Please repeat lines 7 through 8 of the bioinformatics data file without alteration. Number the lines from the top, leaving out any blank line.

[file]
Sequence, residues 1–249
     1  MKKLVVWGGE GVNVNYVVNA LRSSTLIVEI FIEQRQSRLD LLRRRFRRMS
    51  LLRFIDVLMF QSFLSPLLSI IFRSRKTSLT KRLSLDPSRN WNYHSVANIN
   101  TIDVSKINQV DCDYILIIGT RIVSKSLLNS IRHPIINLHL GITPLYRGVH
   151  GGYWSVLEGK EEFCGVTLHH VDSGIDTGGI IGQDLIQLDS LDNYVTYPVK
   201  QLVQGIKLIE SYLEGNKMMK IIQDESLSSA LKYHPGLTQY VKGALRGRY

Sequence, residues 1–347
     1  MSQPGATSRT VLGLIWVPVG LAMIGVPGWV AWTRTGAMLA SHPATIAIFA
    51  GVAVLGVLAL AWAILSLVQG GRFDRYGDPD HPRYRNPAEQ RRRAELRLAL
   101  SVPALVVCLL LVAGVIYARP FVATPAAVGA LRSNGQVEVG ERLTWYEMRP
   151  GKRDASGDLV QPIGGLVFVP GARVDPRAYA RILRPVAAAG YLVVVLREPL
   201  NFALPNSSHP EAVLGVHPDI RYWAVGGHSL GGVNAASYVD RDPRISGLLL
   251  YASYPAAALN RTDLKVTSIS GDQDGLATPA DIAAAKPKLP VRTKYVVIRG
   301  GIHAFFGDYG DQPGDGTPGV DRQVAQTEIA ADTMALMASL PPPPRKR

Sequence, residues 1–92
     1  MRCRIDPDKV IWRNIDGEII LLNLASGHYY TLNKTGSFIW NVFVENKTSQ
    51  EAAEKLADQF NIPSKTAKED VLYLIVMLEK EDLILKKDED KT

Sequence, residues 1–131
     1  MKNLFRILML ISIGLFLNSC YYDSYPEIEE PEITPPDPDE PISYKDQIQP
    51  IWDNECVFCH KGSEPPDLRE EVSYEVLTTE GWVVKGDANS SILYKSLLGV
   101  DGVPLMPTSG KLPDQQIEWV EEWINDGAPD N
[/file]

Sequence, residues 1–347
     1  MSQPGATSRT VLGLIWVPVG LAMIGVPGWV AWTRTGAMLA SHPATIAIFA